Statistical Analysis

Results were expressed as mean ± SEM. All statistical analyses were performed by using Origin 8.0 (OriginLab, Northampton, MA, United States). Comparisons between two groups were made with Student’s t-test. Comparisons between more than two groups were performed using either the one-way ANOVA followed by Bonferroni’s t-test or two-way repeated measures ANOVA. A p-value of <0.05 was considered statistically significant, , ∗∗, and ∗∗∗ refer to P-values lower than 0.05, 0.01, and 0.001, respectively.


Chronic D-Gal Treatment Induces Oxidative Stress and Memory Impairment in Brain

Experimental setup shown in Figure 1A was used for assessing the behavioral and cellular responses to the D-gal treatment. First we tested the effect of chronic systemic D-gal exposure on the redox balance in hippocampus, a cellular substrate for mammalian learning and memory. NADPH oxidase, NOS and COX-2 are critical enzymes responsible for cellular ROS/RNS production (Lipina and Hundal, 2016). We tested the mRNA level of NADPH oxidase gene NOX2, three NOS isoforms (nNOS, iNOS, and eNOS), and COX-2 by qRT-PCR in isolated hippocampal neurons from D-gal and vehicle treated rats. NOX2 is most likely the predominant NADPH oxidase isoform expressed in rat hippocampal neurons (Nayernia et al., 2014). As shown in Figure 1B, the level of NOX2 mRNA was increased by 64% in neurons after the D-gal application (% of vehicle NOX2: vehicle 100 ± 14.5% vs. D-gal 164.6 ± 23%, P = 0.03, n = 6). Furthermore, D-gal treatment induced a significant increase in mRNA expression of iNOS and eNOS, but not nNOS (nNOS, vehicle 161 ± 37.3% vs. D-gal 222.4 ± 35.8%, P = 0.26; iNOS, vehicle 15.2 ± 5.8% vs. D-gal 79.5 ± 22.5%, P = 0.02; eNOS, vehicle 524.1 ± 89.1% vs. D-gal 1187.8 ± 116.7%, P = 0.02; all n = 6; Figure 1B). The mRNA level of COX-2 also was significantly elevated by D-gal treatment (vehicle 197.6 ± 62.5% vs. D-gal 444.3 ± 74.4%, P = 0.03, n = 6; Figure 1B). Allied with the enhancement of ROS-producing enzymes, D-gal-treated rats were associated with significant increases in the levels of ROS, H2O2 and MDA, indicating a high level of oxidative stress and lipid peroxidation (Table 2). On the contrary, total antioxidant capacity and the activity of protein antioxidants (total SOD and CAT) were significantly decreased in D-gal-treated animals (Table 2). The results support that D-gal treatment induced redox imbalance in brain, consisting with the previous reports (Rehman et al., 2017; Shwe et al., 2018).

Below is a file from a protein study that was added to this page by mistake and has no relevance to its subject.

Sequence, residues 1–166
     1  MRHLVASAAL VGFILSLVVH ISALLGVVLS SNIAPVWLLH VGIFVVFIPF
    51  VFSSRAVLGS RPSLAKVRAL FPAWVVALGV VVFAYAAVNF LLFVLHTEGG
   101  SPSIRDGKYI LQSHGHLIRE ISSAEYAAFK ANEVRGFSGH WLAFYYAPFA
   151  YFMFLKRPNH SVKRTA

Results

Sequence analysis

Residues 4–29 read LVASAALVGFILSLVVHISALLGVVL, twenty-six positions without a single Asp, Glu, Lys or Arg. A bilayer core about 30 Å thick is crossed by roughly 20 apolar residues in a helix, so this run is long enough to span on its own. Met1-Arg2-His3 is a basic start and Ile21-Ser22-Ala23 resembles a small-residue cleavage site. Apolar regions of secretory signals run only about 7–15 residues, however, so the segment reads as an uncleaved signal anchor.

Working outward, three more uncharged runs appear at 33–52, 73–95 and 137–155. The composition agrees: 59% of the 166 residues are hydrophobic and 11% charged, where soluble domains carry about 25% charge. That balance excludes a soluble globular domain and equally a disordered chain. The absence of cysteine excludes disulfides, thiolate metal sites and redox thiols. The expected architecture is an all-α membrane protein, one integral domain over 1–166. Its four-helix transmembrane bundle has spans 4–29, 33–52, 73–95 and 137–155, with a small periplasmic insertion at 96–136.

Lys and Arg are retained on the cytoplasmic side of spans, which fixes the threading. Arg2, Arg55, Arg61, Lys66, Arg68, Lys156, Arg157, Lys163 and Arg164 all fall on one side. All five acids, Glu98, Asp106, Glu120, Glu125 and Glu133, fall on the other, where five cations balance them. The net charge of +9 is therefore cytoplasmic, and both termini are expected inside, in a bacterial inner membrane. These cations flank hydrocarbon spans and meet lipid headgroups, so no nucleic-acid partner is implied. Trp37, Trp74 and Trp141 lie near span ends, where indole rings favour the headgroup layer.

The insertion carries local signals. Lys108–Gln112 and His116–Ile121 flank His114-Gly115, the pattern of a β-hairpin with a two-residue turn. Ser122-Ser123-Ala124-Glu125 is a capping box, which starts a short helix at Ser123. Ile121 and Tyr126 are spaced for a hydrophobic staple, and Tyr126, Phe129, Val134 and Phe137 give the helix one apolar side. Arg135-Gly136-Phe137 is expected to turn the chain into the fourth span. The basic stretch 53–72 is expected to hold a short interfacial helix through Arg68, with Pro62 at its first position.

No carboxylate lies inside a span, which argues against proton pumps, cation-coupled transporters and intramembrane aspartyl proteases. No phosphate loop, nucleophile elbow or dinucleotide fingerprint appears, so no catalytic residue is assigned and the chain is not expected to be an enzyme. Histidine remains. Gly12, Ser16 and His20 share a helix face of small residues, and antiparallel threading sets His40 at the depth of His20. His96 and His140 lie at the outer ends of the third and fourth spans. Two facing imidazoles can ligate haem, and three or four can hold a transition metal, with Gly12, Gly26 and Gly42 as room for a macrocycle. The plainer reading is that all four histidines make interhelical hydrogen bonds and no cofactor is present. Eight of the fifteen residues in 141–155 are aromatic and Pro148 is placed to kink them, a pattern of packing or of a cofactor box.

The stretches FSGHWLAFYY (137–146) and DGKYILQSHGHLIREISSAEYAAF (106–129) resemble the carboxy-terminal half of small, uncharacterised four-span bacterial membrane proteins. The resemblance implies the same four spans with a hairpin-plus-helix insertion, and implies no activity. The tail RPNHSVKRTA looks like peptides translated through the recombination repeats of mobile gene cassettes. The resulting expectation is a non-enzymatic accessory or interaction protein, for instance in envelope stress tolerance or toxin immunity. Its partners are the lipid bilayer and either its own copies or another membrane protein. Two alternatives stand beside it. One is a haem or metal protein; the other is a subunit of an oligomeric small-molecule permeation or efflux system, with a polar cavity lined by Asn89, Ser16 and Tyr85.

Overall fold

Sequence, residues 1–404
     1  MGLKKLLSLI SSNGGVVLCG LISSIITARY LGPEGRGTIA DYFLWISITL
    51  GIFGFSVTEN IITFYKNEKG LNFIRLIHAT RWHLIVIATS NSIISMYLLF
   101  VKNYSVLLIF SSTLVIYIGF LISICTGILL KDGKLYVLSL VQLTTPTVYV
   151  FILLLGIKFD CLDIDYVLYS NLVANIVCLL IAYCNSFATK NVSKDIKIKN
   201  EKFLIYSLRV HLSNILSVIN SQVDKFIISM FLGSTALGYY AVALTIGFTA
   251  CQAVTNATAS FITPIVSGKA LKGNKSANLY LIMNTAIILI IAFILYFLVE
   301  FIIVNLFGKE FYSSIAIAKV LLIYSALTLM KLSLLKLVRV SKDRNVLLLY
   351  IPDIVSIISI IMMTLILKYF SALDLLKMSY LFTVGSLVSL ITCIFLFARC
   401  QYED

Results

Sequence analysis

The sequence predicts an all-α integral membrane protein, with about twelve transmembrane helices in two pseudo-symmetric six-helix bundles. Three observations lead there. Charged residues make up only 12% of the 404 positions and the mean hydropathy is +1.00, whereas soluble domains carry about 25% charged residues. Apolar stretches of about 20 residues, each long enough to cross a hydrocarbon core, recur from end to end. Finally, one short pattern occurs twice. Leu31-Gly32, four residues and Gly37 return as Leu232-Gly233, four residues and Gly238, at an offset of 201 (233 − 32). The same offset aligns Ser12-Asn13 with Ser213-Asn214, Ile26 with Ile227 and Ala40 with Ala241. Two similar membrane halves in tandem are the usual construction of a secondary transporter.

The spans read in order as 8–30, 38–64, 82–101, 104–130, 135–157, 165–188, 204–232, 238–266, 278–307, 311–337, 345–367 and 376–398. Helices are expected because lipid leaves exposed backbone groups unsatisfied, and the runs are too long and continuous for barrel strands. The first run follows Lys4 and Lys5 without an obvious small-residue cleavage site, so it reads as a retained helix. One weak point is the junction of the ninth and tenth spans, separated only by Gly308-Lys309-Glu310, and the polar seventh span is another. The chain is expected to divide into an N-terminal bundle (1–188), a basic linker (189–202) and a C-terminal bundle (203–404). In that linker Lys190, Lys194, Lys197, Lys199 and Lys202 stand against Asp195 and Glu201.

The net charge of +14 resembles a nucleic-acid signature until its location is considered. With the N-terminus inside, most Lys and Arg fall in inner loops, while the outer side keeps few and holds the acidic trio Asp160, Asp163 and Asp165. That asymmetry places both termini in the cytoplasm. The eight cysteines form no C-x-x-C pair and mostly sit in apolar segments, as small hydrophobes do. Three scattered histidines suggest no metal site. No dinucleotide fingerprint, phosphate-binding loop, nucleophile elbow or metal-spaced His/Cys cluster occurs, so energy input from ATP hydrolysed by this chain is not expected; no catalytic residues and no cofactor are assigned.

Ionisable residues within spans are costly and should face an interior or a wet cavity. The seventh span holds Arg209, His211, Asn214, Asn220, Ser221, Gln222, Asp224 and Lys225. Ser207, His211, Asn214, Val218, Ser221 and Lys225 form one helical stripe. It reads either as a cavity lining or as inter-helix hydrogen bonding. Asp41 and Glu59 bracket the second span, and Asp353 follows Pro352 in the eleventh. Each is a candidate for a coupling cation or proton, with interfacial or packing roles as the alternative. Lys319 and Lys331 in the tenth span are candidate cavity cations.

Table 2. The levels of oxidant and antioxidant parameters in hippocampal tissues.

Next, we investigated the effect of D-gal on the induction of hippocampal LTP and memory performance. D-gal treatment impaired LTP by a ∼40% inhibition in the Schaffer collateral-CA1 pathway compared with vehicle controls (vehicle, 147.2 ± 6.7%, n = 6 vs. D-gal, 114.3 ± 7.3%, n = 5, P = 0.009; Figures 1C,D). Spatial learning and memory in rats were analyzed using Morris water maze (MWM) test starting on day 50 after a 7-week application of D-gal or vehicle (Figure 1A). Rats aging 3 and 18 months (termed young and old, respectively) were employed as natural status controls. The old and D-gal-treated animals learned the task more slowly than the young and vehicle-treated animals in the acquisition period (days 1–5) and the reversal phase (days 7–9), evidenced by long escape latencies (Figures 1E,F). In the probe trial phase of the test (day 6), the old and D-gal-treated animals showed impairments of long-term spatial memory, as indicated by reduced time spent in the target quadrant while controls (both young and vehicle-treated rats) displayed significant target quadrant preference (Figure 1G). There was no difference between the old and D-gal-treated rats in their learning and memory performance. Together, these results support chronic D-gal treatment can induce redox imbalance and hippocampus-dependent memory deficits that mimics natural brain aging, in good agreement with previous reports (Rehman et al., 2017).

D-Gal Treatment Alters the Expression Level of Key ECS Components in Hippocampus